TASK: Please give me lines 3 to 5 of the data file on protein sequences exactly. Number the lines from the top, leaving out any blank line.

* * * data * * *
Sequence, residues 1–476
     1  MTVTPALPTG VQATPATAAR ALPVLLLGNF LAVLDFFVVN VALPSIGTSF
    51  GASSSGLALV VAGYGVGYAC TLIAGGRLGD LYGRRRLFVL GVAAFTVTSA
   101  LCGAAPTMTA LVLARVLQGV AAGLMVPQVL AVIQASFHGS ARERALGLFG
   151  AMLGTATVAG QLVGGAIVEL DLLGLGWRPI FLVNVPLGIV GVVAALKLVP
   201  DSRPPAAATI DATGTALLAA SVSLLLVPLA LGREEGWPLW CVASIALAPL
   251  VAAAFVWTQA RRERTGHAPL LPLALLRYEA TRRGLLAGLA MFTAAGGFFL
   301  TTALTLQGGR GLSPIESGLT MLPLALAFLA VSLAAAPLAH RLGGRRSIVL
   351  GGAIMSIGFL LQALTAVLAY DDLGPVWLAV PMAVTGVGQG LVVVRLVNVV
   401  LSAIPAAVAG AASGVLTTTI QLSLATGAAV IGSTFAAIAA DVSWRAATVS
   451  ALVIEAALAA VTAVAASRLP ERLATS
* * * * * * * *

    51  GASSSGLALV VAGYGVGYAC TLIAGGRLGD LYGRRRLFVL GVAAFTVTSA
   101  LCGAAPTMTA LVLARVLQGV AAGLMVPQVL AVIQASFHGS ARERALGLFG
   151  AMLGTATVAG QLVGGAIVEL DLLGLGWRPI FLVNVPLGIV GVVAALKLVP